Spencer Mark Hatch, UiB:

E3D-BRITE: EISCAT_3D-based reconstruction of ionosphere-thermosphere electrodynamics

In many experimental studies of ionosphere-thermosphere (IT) coupling and ionospheric electrodynamics, the limitations of existing observational data sets require one to represent the three-dimensional IT system as an infinitely thin, two-dimensional sheet. This 2D representation of the coupled IT system cannot however represent some of its most basic properties, such as the existence of different ionospheric layers. On the other hand, observing systems such as sounding rockets and ionosondes that are capable of probing the altitudinal structure of relevant quantities typically only provide information within a very narrow volume or along a 1D trajectory. This limitation requires one to assume that these quantities have no horizontal gradients. Measurements from the upcoming EISCAT_3D incoherent scatter radar therefore present an unprecedented opportunity to probe the 3D IT system in three dimensions and on relatively short time scales (of order minutes). Here we present a new data assimilation technique for estimation of all three components of the ionospheric current density and their uncertainties. We illustrate the technique using synthetic EISCAT_3D measurements of the plasma density and ion drift. We describe how the E3D-BRITE technique may also be used to simultaneously estimate the neutral wind and the perpendicular electric field.

Katie Herlingshaw, UNIS

What are Fragmented Aurora-like Emissions?

A strange type of aurora-like feature has been spotted over Svalbard. Most ionospheric emissions seen during the dark skies either fit into the categories of ‘aurora’ or ‘airglow’, where the former is caused by magnetospheric particles precipitating into the atmosphere and the latter by chemical processes. The newly discovered green features are puzzling as they do not fit neatly into either category.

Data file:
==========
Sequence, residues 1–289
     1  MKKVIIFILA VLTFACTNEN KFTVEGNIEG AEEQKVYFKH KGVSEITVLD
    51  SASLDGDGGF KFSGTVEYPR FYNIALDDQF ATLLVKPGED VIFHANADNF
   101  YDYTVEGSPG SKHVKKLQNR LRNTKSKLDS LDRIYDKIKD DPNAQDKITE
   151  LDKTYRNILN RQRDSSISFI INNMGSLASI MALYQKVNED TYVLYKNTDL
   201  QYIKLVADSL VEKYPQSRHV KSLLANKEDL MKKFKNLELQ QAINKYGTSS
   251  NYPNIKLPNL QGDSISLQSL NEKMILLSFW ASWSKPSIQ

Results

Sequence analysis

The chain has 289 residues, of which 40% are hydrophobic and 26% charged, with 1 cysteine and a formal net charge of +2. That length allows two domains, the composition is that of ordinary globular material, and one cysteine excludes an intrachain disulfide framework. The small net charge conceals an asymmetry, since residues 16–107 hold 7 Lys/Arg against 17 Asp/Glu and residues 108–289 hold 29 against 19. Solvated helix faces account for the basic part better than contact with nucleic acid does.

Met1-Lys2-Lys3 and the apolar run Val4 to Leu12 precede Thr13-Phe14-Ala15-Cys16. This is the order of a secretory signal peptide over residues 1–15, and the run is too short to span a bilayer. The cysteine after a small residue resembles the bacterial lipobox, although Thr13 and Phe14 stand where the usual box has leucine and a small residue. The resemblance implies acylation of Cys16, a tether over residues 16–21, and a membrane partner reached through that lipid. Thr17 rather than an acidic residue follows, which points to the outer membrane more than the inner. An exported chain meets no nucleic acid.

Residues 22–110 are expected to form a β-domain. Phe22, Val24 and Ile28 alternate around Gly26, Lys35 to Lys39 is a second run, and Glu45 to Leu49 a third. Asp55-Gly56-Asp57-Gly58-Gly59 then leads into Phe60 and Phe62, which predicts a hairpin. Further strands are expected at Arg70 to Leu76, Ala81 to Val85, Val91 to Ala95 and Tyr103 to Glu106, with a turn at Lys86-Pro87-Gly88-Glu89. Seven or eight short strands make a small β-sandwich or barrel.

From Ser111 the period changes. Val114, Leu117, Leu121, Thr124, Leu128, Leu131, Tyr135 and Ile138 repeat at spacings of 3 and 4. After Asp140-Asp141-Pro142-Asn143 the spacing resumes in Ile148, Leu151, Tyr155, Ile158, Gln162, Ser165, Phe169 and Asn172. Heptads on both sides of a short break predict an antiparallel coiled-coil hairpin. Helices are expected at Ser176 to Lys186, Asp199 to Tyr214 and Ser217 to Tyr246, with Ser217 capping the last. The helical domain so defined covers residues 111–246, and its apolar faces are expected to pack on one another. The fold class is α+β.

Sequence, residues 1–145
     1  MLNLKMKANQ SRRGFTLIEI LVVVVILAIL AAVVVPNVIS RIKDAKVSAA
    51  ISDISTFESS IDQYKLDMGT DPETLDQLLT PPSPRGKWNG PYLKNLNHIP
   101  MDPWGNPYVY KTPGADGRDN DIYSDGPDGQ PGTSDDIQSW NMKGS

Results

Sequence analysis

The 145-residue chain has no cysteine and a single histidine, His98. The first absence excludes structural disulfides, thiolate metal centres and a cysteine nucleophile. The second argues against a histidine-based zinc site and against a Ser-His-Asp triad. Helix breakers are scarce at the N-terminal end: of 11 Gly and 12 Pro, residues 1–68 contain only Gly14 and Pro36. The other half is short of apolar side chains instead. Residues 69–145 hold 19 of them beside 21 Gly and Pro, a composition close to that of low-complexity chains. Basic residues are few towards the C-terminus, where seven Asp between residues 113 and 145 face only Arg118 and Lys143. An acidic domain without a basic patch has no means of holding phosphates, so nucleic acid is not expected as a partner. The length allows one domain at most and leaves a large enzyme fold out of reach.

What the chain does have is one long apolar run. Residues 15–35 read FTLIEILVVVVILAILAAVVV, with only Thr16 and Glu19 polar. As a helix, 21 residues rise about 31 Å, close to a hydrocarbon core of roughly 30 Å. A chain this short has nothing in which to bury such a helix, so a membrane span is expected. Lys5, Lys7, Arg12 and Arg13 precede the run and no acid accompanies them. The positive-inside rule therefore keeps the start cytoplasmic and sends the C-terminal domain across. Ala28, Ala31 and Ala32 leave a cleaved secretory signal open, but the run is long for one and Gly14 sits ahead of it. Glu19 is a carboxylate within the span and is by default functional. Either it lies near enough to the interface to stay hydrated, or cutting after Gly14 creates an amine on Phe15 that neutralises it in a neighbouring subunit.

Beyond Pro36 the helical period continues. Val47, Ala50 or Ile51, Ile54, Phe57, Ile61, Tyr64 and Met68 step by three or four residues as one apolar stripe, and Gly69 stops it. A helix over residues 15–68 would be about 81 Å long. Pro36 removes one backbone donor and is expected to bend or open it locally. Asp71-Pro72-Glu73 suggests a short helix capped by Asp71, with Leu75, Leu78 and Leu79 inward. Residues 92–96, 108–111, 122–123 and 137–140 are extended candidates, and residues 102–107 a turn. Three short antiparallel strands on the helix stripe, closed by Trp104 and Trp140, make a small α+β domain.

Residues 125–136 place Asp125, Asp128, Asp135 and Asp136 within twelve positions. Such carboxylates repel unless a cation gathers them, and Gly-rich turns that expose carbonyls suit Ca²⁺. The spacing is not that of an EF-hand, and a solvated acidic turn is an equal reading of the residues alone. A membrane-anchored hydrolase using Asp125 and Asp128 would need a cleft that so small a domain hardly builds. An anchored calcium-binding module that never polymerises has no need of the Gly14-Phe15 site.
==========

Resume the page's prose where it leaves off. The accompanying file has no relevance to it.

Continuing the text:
The features are called Fragmented Aurora-like Emissions (FAE) or simply ‘fragments’. They appear as small splinters of green light and typically last for under a minute. Sometimes long chains of fragments form with regular spacing, typically close to auroral arcs, and other times the fragments are individual and move more unpredictably.

We want to figure out what causes fragments and if they are part of a bigger system that is connected to the nearby aurora. We will outline our research plan, including first results and how we will work towards our goal using a combination of scientific cameras, EISCAT radars, and citizen scientist photographers.

Yaqi Jin, UiO

High-latitude ionospheric irregularities and scintillations seen from ground and space

Our modern society relies on the Global Navigation Satellite System (GNSS) service that utilize trans-ionospheric radio waves. However, the GNSS applications can be severely affected by ionospheric scintillations. During strong scintillation event, the GNSS service can be heavily degraded. With an increasing human activity in the polar regions, there is a high demand to investigate and model ionospheric irregularities and scintillations in the Arctic. Ionospheric irregularities can be studied using in-situ observations from low Earth Orbiting satellites as well as remote sensing using ground-based instruments. In this study, we present some key characteristics of high-latitude irregularities using Swarm satellites and ground-based GNSS receivers. We first use the in-situ electron density data to calculate the rate of change of density index and electron density gradients. The climatological maps in magnetic latitude/magnetic local time coordinates show predominant plasma irregularities near the dayside cusp, polar cap, and nightside auroral zone. This feature is similar to the statistical studies of ionospheric scintillations. Ground-based instruments are another important aspect to study ionospheric irregularities. For example, GNSS scintillation receivers are often used to study the scintillation effect caused by small-scale ionospheric structures. Ionospheric scintillations are particularity severe during major geomagnetic storms. We report severe GNSS amplitude and phase scintillations, as well as losses of signal lock during the major storm on 17 March 2015. This event was observed near the edges of a high-density total electron content blob. The European Incoherent scatter ultra-high frequency radar observed significant enhancement of electron density in the F2 region, while the E region was only slightly enhanced. The losses of lock in the GPS L2 band were caused by both the power fade and rapid carrier phase fluctuations.